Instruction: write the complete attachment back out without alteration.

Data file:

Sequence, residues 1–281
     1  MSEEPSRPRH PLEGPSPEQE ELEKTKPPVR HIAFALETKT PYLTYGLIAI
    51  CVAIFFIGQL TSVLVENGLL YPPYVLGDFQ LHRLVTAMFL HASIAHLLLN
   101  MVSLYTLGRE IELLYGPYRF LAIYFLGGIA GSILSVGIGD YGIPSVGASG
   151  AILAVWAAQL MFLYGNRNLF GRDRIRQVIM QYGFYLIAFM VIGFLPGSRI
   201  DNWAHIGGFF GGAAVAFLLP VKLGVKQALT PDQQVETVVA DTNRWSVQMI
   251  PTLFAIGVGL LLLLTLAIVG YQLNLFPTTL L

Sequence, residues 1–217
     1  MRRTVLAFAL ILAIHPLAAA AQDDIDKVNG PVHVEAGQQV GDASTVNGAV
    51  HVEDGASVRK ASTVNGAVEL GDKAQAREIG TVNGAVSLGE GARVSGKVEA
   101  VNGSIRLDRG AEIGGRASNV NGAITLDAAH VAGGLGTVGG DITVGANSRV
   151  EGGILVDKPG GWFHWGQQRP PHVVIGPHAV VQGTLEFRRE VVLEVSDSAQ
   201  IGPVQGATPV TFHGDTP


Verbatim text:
Sequence, residues 1–281
     1  MSEEPSRPRH PLEGPSPEQE ELEKTKPPVR HIAFALETKT PYLTYGLIAI
    51  CVAIFFIGQL TSVLVENGLL YPPYVLGDFQ LHRLVTAMFL HASIAHLLLN
   101  MVSLYTLGRE IELLYGPYRF LAIYFLGGIA GSILSVGIGD YGIPSVGASG
   151  AILAVWAAQL MFLYGNRNLF GRDRIRQVIM QYGFYLIAFM VIGFLPGSRI
   201  DNWAHIGGFF GGAAVAFLLP VKLGVKQALT PDQQVETVVA DTNRWSVQMI
   251  PTLFAIGVGL LLLLTLAIVG YQLNLFPTTL L

Sequence, residues 1–217
     1  MRRTVLAFAL ILAIHPLAAA AQDDIDKVNG PVHVEAGQQV GDASTVNGAV
    51  HVEDGASVRK ASTVNGAVEL GDKAQAREIG TVNGAVSLGE GARVSGKVEA
   101  VNGSIRLDRG AEIGGRASNV NGAITLDAAH VAGGLGTVGG DITVGANSRV
   151  EGGILVDKPG GWFHWGQQRP PHVVIGPHAV VQGTLEFRRE VVLEVSDSAQ
   201  IGPVQGATPV TFHGDTP